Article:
The madison river around Ennis?

          • Good advice, Thanks,
            I was thinking the Madison just a little East of West Yellowstone.
            Only about a mile to hop in the Madison, unfortunately the water will be cold most of the year.

            I could never find anything in the poem to lead me to Ennis although I did do a ton of research along the whole river all the way up to 3 Forks.

          • There has been chatter about Ennis around some blogs.
            One mile east of west Yellowstone is where you think warm waters halt? I had wondered if I were to ask the locals what spots have the warmest waters along the firehole/madison rivers but away from the tourist areas (secluded), which will they recommend? There must be certain areas where all the conditions are just right but as you travel farther away maybe not so much cause water gets too cold again. I believe those factors were important to young forrest.

          • Actually, my WWWH is located in the Firehole River very close to Ojo Caliente. I can tell you from experience that the water in the Firehole next to Ojo is warm & actually hot right near the outlet & when you go down stream the water gets cold.

            That was in October anyway & I imagine the Firehole is warmer in the summer.

            I also read somewhere that the Firehole is about 10 deg warmer today than 50-60 years ago. I forget the exact years.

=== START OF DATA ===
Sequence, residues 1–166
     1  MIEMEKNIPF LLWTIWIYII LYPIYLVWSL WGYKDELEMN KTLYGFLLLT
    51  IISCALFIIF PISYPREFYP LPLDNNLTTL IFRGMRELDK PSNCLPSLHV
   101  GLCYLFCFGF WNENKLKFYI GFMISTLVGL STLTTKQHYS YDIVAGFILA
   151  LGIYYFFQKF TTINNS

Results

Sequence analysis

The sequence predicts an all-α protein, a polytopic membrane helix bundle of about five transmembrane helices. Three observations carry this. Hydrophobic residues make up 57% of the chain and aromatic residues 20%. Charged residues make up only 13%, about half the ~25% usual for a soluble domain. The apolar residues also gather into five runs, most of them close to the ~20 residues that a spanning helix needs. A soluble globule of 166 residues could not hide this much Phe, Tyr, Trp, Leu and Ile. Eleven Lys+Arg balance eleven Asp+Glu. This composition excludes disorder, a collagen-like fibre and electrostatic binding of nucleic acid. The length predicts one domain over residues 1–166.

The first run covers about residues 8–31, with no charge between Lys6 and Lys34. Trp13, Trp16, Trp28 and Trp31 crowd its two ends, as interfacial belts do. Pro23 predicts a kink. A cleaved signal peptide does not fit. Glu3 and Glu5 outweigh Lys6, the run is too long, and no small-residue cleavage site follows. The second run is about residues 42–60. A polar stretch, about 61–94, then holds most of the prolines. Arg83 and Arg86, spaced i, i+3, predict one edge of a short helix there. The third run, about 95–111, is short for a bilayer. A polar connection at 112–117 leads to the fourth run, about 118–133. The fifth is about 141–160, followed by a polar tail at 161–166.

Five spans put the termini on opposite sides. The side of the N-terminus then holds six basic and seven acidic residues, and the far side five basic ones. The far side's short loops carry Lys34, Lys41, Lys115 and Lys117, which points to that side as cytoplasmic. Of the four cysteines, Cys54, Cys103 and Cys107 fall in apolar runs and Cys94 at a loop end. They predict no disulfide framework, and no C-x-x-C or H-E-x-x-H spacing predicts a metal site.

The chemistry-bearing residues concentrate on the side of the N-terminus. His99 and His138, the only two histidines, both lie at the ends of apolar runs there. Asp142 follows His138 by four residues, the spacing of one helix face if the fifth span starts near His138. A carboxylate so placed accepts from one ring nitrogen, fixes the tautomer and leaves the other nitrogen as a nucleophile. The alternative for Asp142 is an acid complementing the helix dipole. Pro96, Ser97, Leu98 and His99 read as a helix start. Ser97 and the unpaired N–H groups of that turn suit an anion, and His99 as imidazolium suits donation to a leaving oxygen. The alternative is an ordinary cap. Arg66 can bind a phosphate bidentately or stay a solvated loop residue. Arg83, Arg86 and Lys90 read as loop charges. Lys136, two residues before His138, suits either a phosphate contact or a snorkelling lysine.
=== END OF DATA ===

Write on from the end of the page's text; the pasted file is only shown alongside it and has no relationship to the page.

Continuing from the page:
• OZ10;

            Aren’t you looking for a place “Where warm waters HALT” – not a place where they are still warm – maybe it is best if they DO cool off. Just another way of looking at then same old picture. JDA

          • JDA, that will be another way of looking at it. Do you have the specific spot where warm HALTS one way or another? Does warm halts when it cools down or when it boils? It’s still warm water in each case but some may say that it actually halts when it freezes or evaporates. That is the whole question about that line, it is just not specific enough to find a location. 6 words where 4 could be used as verbs makes it even more suspicious to me that further deciphering is needed than to just take it at face value.

          • OZ10;

            No I do not have an exact spot. Since I am not familiar with the Firehole and the Madison, let me use a hypothetical. Let’s say that “Tepid Stream” meets “Big River”.

            “Tepid Stream” started at a geyser pool. as it flowed towards the “Big River” it begins to cool. “Big River” is fed by several streams that are glacier fed, and thus much cooler than “Tepid Stream”. At the place they converge, the cooler waters of “Big River” cool off the last remaining heat from “Tepid Stream” – At that conversion point, “Tepid Stream” halts in temperature, and in name. At least that is how I look at it. JDA

  105. Interviewer: “Mr Einstein, to what do you attribute your amazing grasp of mathematics and physics?”

    Einstein: “Leftover egg nog.”

  106. what does the blaze and crushed soda cans have in common? just a question! You have to figure out that in order to get to the right location. I found the answer in a scrapbook IMHO.

  107. I’m going to take a chance and post this before the thread gets closed out.